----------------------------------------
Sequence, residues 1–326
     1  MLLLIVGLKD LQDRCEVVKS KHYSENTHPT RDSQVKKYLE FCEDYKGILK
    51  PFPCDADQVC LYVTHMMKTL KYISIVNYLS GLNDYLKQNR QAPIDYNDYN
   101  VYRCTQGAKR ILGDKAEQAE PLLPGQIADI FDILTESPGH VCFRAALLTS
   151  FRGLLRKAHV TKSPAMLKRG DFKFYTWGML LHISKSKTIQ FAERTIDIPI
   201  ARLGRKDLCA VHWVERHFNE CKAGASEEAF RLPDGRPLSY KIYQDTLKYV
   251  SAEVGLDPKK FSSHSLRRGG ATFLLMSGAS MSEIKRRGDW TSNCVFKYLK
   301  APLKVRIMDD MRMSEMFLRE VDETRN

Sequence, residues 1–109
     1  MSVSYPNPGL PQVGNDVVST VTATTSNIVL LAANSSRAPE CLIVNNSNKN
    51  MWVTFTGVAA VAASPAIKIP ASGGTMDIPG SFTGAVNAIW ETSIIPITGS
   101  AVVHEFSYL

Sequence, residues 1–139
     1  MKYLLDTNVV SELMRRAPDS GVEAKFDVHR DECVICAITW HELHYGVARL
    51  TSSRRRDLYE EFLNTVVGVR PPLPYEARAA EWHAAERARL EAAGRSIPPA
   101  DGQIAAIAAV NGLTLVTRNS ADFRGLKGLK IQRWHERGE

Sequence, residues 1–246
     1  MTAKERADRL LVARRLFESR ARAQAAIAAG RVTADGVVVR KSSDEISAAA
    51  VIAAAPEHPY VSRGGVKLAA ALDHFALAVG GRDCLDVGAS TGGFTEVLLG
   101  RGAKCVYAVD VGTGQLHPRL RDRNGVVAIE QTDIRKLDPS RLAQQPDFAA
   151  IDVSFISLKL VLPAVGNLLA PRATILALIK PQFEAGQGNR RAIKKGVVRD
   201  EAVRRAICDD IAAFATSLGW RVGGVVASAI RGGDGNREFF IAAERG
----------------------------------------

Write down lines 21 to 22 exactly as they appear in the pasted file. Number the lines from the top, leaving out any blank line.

   151  IDVSFISLKL VLPAVGNLLA PRATILALIK PQFEAGQGNR RAIKKGVVRD
   201  EAVRRAICDD IAAFATSLGW RVGGVVASAI RGGDGNREFF IAAERG